Supreme Courtesan


The cover of Chéri and The End of Chéri

“BEAUTY, WOMEN’S BUSINESS IN THIS SOCIETY, is the theater of their enslavement,” laments Susan Sontag in her 1972 meditation on aging and femininity. “Only one standard of female beauty is sanctioned: the girl.” It is no accident that women must look like girls to qualify as beauties, for they must also act like girls to qualify as women. “The ideal state proposed for women is docility, which means not being fully grown up,” Sontag continues. Only two ages are available to women: infantile—and too old. 

No one understood the injustice of the girlish imperative better than the French writer and provocateur Colette, who made her debut in the guise of an adolescent narrator. Claudine is fifteen when we meet her in Claudine at School (1900), the opening installment of Colette’s first series. Mischievous, quick-witted, and sexually precocious, Claudine is a charming constellation of contradictions, at once a girl and a living rebuke to the myth of innocent girlishness. Her father leaves her largely to her own devices, and her days are devoted to rambling around the woods, teasing her teachers, and bullying her schoolmates, who are

so young lady-ish that they annoy me. They’re frightened of being scratched by brambles; they’re frightened of little creatures such as hairy caterpillars and those pretty heath spiders that are as pink and round as pearls; they squeal, they get tired—in fact, they’re insufferable. 

Claudine is such a defiantly feral specimen that it is difficult to say whether she reinvents girlishness—or whether she rejects it altogether. In the second of the Claudine novels, Claudine in Paris (1901), Claudine’s elegant gay friend Marcel strikes onlookers as “much more of a girl than she is,” and when she marries the inevitably middle-aged Renaud in the third book in the series, she discovers “how much more feminine he is than I am!” Even in marriage, the state that befits a demure young woman, proper girlishness evades the incorrigible Claudine.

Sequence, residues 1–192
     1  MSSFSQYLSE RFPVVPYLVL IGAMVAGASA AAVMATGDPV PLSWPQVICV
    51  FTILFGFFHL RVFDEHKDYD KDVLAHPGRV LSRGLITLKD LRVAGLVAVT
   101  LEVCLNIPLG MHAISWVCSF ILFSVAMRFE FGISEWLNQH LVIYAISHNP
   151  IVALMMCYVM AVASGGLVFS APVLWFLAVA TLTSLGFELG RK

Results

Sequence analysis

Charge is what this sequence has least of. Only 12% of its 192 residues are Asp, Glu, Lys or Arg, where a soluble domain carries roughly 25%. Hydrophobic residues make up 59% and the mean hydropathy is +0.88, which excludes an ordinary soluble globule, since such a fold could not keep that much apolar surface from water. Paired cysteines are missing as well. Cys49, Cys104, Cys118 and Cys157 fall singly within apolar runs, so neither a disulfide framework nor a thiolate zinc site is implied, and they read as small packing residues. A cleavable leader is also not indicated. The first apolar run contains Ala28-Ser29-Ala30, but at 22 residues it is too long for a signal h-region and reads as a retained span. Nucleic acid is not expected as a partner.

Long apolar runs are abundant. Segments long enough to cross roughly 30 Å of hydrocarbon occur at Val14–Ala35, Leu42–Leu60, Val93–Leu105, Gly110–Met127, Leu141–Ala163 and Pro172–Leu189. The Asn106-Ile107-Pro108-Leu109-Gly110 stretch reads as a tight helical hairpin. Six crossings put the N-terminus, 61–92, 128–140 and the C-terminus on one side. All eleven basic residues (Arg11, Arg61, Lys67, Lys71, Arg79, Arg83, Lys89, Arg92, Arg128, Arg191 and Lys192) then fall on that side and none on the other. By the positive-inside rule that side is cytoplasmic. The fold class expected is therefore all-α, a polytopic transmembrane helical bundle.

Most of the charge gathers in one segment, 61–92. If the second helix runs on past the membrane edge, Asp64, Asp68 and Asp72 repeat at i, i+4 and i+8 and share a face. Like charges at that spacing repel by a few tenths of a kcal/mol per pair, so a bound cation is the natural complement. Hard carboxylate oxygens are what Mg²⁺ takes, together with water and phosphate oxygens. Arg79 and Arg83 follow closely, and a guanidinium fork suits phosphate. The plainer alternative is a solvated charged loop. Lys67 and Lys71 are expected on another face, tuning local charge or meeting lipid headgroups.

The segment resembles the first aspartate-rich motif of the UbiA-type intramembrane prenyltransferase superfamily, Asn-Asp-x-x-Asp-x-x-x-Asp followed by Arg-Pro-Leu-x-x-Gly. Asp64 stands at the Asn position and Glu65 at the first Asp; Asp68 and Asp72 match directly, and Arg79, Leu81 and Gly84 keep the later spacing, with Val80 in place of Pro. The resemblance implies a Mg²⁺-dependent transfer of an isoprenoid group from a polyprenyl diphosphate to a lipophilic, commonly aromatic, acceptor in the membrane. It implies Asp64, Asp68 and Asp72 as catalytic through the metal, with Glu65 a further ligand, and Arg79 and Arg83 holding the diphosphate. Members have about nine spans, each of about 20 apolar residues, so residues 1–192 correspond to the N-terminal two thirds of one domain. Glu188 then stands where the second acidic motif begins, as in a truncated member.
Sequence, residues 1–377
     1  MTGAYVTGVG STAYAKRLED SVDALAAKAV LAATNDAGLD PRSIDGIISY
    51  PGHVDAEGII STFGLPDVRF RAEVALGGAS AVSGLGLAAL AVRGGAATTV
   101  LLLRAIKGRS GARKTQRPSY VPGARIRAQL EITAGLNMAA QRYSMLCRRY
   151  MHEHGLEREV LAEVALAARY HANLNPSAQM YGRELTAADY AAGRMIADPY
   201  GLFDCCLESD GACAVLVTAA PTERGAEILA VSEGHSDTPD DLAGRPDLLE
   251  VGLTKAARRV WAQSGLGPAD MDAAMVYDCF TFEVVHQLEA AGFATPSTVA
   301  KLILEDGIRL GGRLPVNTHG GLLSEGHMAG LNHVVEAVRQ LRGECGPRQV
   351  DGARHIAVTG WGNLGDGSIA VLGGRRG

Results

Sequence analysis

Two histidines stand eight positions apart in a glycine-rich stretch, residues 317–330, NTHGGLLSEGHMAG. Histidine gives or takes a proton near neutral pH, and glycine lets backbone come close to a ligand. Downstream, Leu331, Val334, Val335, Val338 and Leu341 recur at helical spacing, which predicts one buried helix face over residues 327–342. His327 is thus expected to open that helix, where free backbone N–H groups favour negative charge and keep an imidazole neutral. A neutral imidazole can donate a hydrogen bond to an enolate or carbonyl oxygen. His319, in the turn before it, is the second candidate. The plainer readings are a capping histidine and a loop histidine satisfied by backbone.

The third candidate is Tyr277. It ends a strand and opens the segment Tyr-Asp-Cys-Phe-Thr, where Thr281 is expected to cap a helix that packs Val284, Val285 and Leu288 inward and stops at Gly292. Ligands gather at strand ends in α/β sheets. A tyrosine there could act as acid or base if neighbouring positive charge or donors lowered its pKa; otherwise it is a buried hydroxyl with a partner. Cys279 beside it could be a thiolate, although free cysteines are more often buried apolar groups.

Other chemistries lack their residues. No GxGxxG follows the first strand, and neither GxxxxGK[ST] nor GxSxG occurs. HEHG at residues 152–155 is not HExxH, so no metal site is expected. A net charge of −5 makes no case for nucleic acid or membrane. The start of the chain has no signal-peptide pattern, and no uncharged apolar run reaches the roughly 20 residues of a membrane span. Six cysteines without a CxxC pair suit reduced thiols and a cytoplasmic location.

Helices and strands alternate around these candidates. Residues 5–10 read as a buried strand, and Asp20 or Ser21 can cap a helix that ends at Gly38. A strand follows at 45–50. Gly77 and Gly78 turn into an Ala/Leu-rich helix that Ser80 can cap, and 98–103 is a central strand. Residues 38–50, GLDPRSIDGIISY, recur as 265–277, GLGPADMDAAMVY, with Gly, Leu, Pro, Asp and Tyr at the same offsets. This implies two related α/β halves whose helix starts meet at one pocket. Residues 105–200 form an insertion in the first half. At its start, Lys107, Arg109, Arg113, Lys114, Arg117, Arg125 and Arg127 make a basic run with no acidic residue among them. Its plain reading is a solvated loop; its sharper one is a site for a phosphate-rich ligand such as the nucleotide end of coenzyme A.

Colette’s heavily autobiographical first novels are a fitting introduction to her work, both by dint of their preoccupations and by dint of the circumstances of their publication. They were written at the urging of Henri Gauthier-Villars, Colette’s first husband and a pillar of the Parisian demimonde who was fourteen years her senior. A music critic second and a carouser first, Gauthier-Villars appended the pseudonym “Willy” to the novels that he made little secret of outsourcing to a veritable army of ghostwriters. The Claudine novels first appeared under this name, and it was Gauthier-Villars who collected the considerable profits when they became best-sellers. 

Colette, Paris, ca. 1907.
Colette, Paris, ca. 1907.

Later, Colette would become infamous for her string of lesbian affairs, her stint in the theater (especially her performances in drag), and her brief affair with her second husband’s sixteen-year-old son. But she was twenty—and achingly inexperienced—when she left the Burgundian countryside to accompany Willy to Paris. She had yet to develop her characteristically cheerful disdain for convention, and it was largely in print that she was able to mount resistance to the exploitative terms of her marriage. No wonder that the Claudine novels, the first of which was completed when Colette was only twenty-four, already evince their author’s fascination with the jejunity that defines femininity, the young girls who struggle to achieve it, the older women who struggle to retain it, and the men who are eager to profit from it. For the rest of Colette’s life, the figure of the girl would dominate her work: her two most commercially successful works, the Claudine novels and the 1944 novella Gigi, both follow teenagers involved with older men. But even when Colette seems to take up the opposite theme—that of old age—she is in fact approaching the question of girl from the inverse angle. Can girls survive their maturation? Can women juggle the conflicting imperatives to muster girlish docility and maternal authority? And what happens when they cannot? In perhaps Colette’s most haunting story, “The Kepi,” an older woman is thrust into a second adolescence by a mad passion for a younger lieutenant. Despite the woman’s efforts to appear youthful, she makes the fatal mistake of trying on her lover’s kepi after a tryst. All at once, he sees